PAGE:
“The concept of organizational culture must be recognised as one of vital importance to the understanding of organization and all activities and processes operating within and in connection with organization.” (Brooks, 2003)
As Brooks states, the concept of culture and therefore insights into its operation within an organization are fundamental. However, to fully understand how culture can enhance organizational resilience, one must be clear by what is meant by both organizational resilience and organizational culture. This paper will define organizational resilience in the contemporary context and explore what is meant by culture. It will be demonstrated that culture is a complex field of study and that every organization has its own unique culture which is interwoven with concepts of individual and national culture. This paper will argue that insights into, and more importantly understanding of, an organization’s culture help to ascertain the risk appetite of an organization and these insights can be used to enhance organizational resilience. It will be shown that for an organization to truly enhance its resilience it needs to embed a culture of resilience at every level.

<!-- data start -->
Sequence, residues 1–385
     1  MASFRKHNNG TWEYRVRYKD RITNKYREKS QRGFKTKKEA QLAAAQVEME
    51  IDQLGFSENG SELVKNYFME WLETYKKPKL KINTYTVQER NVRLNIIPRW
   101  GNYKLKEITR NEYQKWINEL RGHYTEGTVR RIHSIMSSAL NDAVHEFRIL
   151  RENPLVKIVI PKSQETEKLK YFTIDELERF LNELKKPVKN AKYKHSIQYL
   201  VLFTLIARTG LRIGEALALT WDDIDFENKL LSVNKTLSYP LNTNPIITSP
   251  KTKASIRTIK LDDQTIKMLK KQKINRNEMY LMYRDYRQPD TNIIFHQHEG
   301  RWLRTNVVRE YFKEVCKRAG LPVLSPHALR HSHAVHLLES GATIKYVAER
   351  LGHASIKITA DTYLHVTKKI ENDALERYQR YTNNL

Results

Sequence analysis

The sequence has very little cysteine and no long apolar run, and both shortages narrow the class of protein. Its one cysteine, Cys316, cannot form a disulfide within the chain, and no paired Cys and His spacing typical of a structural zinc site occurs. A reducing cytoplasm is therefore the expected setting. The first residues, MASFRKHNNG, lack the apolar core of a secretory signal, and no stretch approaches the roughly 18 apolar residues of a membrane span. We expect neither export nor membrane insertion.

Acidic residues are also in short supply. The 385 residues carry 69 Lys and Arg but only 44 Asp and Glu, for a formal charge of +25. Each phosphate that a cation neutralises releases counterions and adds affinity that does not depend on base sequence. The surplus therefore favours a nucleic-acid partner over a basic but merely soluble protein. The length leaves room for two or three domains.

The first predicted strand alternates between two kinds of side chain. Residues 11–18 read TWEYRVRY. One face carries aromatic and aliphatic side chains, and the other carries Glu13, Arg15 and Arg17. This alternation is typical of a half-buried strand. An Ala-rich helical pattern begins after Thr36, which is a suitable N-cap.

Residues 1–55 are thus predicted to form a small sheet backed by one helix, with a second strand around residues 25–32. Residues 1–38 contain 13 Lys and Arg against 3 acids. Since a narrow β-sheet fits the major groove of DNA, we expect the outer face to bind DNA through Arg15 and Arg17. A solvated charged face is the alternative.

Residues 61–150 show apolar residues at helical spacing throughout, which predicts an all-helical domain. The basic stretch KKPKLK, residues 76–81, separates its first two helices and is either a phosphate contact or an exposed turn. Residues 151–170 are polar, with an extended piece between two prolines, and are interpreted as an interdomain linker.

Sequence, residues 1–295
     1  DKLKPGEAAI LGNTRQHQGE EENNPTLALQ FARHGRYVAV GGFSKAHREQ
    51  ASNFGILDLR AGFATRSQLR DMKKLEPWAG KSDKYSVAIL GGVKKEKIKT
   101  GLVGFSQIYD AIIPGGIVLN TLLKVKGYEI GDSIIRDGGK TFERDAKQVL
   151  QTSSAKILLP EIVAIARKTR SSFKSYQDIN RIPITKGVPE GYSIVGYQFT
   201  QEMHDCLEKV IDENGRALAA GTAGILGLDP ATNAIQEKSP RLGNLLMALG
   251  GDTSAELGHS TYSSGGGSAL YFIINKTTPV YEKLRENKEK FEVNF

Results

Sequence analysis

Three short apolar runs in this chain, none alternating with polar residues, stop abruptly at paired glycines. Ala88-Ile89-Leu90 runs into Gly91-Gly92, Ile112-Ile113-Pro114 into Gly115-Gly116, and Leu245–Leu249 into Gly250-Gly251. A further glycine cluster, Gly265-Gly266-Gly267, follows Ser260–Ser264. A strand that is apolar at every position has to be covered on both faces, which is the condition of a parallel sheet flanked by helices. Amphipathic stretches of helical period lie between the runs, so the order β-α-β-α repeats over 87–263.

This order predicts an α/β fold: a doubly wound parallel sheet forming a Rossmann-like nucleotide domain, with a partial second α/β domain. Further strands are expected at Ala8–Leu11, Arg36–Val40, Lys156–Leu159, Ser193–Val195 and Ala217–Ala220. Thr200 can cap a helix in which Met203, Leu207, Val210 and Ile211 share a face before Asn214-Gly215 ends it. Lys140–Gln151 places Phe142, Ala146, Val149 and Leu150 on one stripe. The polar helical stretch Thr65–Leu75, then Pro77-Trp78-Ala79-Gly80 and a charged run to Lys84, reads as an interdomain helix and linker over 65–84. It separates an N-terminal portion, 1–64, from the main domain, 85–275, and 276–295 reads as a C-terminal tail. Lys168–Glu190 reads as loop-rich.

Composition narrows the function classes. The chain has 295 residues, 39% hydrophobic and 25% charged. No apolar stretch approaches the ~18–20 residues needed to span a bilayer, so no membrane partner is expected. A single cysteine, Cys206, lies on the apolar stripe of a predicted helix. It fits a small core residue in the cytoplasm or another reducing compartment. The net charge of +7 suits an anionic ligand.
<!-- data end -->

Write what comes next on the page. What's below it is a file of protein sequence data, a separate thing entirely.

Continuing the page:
The use of the term ‘resilience’ has proved increasing popular and widespread in the last decade, becoming a “concept used liberally and enthusiastically by policy makers, practitioners and academics” (McAslan, 2010). Resilience in organizations, particularly after the financial crash of 2008-9, has become much sought after. The UK Financial Services Authority (now The Financial Conduct Authority and the Prudential Regulation Authority) rebranded its external risk management division as a resilience department. This is indicative of organizational resilience encompassing more than risk, security and business continuity. It is widely agreed that organizational resilience implies “a common property … is the ability to cope with unanticipated system and environmental conditions that might otherwise cause a loss of acceptable service.” (Meyer, 2009)
Academic study into organizational culture began “in the 1970s and early 1980s with the work of Peters and Waterman” (Brooks, 2003) although the concept of defining the culture of an organization can be traced to the works of Jaques and his study of the culture of a factory which he defines as “its customary and traditional way of thinking and doing things which is shared.” (Jaques, 1952). Despite the concept of organizational culture having been recognised for well over half a century and culture “being a bedrock of behaviour in organizations” (Mullins, 2010), there remains substantial academic debate about what constitutes organizational culture and its relevance to enhancing an organization’s resilience.
The full article, authored by Andrew MacLeod, is available at Continuity Central.